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    09 March 2007

    Libby can not be pardoned under rules for executive clemency

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    From the Office of the Pardon Attorney:
    1.2 Eligibility for filing petition for pardon.
    No petition for pardon should be filed until the expiration of a waiting period of at least five years after the date of the release of the petitioner from confinement or, in case no prison sentence was imposed, until the expiration of a period of at least five years after the date of the conviction of the petitioner. Generally, no petition should be submitted by a person who is on probation, parole, or supervised release.

    Of course the president, and especially this president, can do as he pleases. The elder president Bush did, as did Clinton. Now it's the current president Bush's turn. However, Mr. Bush claimed early in his administration (February 2001):
    ...should I decide to grant pardons, I will do so in a fair way. I'll have the highest of high standards.

    So does the "highest of high standards" permit the president to engage in (gasp!) executive activism? My money's on yes, it never stopped him from pardoning the turkey did it?

    [UPDATE 3/11/07] A few interesting points to throw out there as we debate whether or not Libby will get the pardon and forever link this scandal to the White House.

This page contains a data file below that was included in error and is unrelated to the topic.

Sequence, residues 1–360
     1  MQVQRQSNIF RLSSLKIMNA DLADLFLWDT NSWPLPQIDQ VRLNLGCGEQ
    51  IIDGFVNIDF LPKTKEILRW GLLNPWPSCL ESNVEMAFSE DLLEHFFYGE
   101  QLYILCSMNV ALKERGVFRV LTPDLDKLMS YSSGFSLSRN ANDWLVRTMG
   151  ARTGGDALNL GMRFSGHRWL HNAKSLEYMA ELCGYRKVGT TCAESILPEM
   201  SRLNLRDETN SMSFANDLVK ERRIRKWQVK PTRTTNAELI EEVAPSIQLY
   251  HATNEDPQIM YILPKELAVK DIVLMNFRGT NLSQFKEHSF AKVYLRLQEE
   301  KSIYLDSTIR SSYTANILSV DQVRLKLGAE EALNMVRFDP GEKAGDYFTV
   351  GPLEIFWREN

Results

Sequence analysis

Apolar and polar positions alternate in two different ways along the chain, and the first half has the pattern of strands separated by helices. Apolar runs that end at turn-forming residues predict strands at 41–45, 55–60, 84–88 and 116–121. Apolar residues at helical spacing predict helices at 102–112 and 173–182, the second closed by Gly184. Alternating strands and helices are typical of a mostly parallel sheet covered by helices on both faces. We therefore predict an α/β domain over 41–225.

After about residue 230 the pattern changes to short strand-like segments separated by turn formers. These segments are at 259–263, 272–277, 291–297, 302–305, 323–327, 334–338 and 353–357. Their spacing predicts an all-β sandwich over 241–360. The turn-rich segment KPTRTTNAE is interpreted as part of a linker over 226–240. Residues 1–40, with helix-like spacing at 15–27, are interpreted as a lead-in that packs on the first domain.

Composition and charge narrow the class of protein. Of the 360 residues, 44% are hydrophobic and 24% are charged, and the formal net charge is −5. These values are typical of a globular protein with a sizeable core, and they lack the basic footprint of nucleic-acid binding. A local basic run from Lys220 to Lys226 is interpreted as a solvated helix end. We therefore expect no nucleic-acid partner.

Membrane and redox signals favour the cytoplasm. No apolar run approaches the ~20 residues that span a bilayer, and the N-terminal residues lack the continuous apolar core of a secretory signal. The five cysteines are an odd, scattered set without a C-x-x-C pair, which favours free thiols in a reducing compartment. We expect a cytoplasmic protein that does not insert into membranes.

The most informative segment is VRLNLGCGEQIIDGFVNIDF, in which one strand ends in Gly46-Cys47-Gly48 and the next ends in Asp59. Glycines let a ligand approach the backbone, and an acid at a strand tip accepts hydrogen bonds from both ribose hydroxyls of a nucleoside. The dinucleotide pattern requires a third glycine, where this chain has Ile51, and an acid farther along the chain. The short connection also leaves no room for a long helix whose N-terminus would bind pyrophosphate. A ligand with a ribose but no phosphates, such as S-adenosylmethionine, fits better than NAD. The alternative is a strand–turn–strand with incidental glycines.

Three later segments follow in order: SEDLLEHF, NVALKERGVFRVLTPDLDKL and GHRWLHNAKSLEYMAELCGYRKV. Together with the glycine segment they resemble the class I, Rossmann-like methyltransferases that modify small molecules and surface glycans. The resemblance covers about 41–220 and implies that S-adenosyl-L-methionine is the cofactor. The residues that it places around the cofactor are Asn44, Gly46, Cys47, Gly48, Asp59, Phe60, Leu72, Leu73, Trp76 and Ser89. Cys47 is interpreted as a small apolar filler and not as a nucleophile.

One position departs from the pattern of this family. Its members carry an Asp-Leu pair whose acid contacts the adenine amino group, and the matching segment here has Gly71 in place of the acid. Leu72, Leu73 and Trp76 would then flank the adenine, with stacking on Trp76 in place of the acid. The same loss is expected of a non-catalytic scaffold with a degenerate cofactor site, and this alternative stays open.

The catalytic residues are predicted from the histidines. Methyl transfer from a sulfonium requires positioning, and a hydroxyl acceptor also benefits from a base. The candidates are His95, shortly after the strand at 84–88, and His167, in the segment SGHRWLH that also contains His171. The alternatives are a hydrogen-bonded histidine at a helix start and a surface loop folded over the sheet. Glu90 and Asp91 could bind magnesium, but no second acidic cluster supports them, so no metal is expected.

In the comments we're directed to this article (h/t Agricola) which gives us a brief history of the politics of pardons. Looking at Bush Jr:
    Bush has issued just 113 pardons during his six years in office. A flurry of pardons often comes at the end of a presidency, like they did, controversially, during President Clinton’s final days. But presidents used to issue 100 or more “clemency actions” a year, according to the Justice Department.

    During his six years as governor of Texas, Bush granted fewer pardons — just 18 — than any governor had since the 1940s. One of those pardons he came to regret. In 1995, Gov. Bush gave a pardon to Steven Raney, a deputy constable who had a 1988 marijuana conviction. But Raney was later accused of stealing cocaine in a drug bust.

    As governor of TX and in the wake of Clinton's pardoning of Marc Rich, Bush Jr. has been timid with his pardoning. In a 1 February 2007 interview with Neal Cavuto, Bush was pushed to define his pardon policy in reference to the boarder control agents who shot a Mexican drug dealer. In this case Bush appears to point to the JD guidelines:
    “You know, I get asked about pardons on a lot of different cases. And there’s a procedure in place,” he said at first. When Bush added that he has been telling members of Congress who have contacted him about the matter to “look at the facts in the case,” Cavuto followed up: “So what are you saying?”

    “I’m saying … there is a process in any case for a president to make a pardon decisions. In other words, there is a series of steps that are followed, so that the pardon process is, you know, a rational process,” the president answered.

    All tealeaves from a separate case, but whatever. I guess it all depends on how he views "the facts in the case."

    Posted by Geoff

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